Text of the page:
Multistringed musical instruments developed from the music bow. Our kankles (Lithuanian stringed musical instrument) of proancient origin were developed before the Iron Age. Kankles were mentioned in 1546 accounts by the yard exchequer manager of Duke Zygimantas Augustas. The name kankles is derived from Lihuanian word clapper (wooden clapper). The name kankles and the instrument was widely known long before the metal age. That means that the word kankles goes as far back as the parent language of the Balts. Some scientists associate the name with the Latin word centare, and from Sanscript - konkani (an adornment with the bells).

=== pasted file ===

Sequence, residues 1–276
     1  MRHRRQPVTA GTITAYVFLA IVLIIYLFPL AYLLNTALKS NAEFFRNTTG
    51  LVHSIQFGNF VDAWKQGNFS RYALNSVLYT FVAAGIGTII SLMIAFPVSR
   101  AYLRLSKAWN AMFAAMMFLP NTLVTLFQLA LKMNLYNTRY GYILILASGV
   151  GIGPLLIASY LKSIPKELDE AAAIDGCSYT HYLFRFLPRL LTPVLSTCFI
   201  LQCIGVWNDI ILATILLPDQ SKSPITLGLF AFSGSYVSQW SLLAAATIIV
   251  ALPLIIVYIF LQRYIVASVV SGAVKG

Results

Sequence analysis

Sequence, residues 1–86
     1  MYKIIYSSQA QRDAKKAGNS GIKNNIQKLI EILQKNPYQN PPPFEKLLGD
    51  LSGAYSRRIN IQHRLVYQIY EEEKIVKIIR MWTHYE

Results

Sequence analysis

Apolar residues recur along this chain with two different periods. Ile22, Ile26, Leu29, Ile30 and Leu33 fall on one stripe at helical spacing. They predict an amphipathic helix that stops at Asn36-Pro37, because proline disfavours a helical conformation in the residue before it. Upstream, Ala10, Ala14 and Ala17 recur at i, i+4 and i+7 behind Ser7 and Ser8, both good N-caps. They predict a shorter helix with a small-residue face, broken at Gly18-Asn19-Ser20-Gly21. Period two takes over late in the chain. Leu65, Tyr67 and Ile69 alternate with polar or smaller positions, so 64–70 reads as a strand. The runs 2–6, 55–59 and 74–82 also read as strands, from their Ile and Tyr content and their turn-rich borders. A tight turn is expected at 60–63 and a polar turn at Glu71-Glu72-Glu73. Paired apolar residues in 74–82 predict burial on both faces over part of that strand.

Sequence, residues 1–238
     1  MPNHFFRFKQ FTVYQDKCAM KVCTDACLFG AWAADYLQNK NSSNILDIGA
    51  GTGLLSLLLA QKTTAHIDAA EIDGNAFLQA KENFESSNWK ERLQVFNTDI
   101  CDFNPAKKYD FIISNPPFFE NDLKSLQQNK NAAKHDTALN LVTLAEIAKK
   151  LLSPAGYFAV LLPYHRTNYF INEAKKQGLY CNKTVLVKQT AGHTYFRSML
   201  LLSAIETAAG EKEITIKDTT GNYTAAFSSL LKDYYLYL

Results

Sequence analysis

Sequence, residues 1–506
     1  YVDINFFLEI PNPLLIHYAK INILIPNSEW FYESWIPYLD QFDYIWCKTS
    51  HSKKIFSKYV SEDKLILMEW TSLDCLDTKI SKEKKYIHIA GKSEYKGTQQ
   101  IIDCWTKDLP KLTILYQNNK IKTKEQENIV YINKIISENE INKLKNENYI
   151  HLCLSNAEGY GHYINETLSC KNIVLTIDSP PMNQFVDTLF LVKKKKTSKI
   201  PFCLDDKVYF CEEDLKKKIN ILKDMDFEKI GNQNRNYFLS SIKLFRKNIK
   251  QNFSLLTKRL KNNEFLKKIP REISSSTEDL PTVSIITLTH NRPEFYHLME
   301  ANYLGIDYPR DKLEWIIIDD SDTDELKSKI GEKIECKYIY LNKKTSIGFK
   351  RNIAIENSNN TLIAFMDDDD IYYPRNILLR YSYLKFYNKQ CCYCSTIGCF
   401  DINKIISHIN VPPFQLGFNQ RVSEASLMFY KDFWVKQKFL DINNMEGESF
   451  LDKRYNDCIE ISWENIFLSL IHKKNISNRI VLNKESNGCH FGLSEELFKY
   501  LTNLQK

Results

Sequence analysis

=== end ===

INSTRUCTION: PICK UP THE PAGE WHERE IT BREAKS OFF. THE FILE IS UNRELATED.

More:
In ancient times five-stringed, six-stringed and twelve-stringed kankles were usually played. Multispringed kankles are of a later origin. Kankles of 7 strings were considered primary, kankles of 8-12 strings were called ordinary and kankles of 13-25 strings were called complicated. The length of the strings depends upon the length of the body of the instrument. The longest string is 56,5 centimetres, the average string is 42-55 centimetres and the shortest string is 20 centimetres.